Strategic Planning: Understand Your Operational Processes
Because strategic planning is about improving the status quo, looking at how to improve operations is the key. Operations produce and deliver the goods and services to customers. These processes encompass managing your creation of customer value. Service companies may be tempted to think that processes aren’t managed in this area, but consider how you deliver your service. It doesn’t happen by magic. You take specific steps to deliver what you do; these steps are your operational processes.
Operations management covers four generic processes:
Developing and sustaining supplier or vendor relationships: Bringing raw material and goods into your company is a set of processes that feed into how you produce products and services. Do you effectively manage your supplier relationships to ensure that you obtain the total lowest cost of the products and services you buy? Are you efficiently sourcing, moving, storing, and inspecting the raw materials you use?
Producing products and services: At the heart of your operational processes is the production of your product and service. Are you efficient at production, thereby lowering production costs and increasing your asset utilization? Are you effectively producing your product with minimal scrap, error rates, or returns?
Delivering the product or service to your customer: Just like with managing your suppliers, you also have processes that manage your distribution. Are you efficiently delivering your products or services to your customers? Are you effective at reaching your customers through your distribution channels?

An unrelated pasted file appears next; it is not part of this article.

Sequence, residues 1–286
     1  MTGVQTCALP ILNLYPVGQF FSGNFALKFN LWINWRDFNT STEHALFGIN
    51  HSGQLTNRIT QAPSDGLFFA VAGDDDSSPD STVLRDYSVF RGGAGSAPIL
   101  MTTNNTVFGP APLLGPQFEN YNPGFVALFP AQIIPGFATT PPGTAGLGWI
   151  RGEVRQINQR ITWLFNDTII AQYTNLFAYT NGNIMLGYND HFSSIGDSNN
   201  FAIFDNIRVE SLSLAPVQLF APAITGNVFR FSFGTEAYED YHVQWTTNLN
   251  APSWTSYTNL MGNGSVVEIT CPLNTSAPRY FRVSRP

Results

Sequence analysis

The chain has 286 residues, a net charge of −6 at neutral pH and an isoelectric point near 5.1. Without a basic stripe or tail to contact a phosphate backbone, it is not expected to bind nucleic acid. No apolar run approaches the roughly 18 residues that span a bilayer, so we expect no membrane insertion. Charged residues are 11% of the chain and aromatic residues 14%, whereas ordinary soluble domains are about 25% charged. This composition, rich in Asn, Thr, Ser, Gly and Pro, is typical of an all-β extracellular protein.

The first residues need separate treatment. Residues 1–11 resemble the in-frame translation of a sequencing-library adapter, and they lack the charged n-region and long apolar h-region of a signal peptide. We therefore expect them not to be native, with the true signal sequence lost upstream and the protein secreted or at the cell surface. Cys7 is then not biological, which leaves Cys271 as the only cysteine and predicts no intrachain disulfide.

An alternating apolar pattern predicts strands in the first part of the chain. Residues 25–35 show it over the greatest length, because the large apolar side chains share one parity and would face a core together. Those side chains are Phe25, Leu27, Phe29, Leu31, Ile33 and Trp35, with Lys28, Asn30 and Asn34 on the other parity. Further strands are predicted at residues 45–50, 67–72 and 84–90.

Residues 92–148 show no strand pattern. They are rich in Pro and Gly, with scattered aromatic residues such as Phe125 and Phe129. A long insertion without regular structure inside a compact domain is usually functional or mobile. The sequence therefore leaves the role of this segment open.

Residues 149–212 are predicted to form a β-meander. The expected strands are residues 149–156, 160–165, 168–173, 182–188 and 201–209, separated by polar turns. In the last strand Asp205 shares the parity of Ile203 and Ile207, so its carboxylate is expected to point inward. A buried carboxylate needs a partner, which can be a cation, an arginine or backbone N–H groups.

Managing operating risk: Not all companies have direct operating risk, but most companies are exposed to some kind of risk associated with market fluctuations. Processes in this area deal with effectively and efficiently reducing costs associated with capital costs and taxes.
Erlach Computer Consulting, a small technology service company, improved the one key operational process that nearly doubled the company’s revenue in one year. The process? Time tracking. Yes, the process may sound simple, but for Erlach, time is the company’s inventory, product, and distribution medium. Starting from the top, management required every employee to track his or her time down to 15-minute increments.
The company was tracking time previously, but not with 100 percent compliance. Now that the time is captured, Erlach can account and bill for previously unbilled time. Not only were the employees more conscious of their work day, but also clients were correctly charged for the services they received.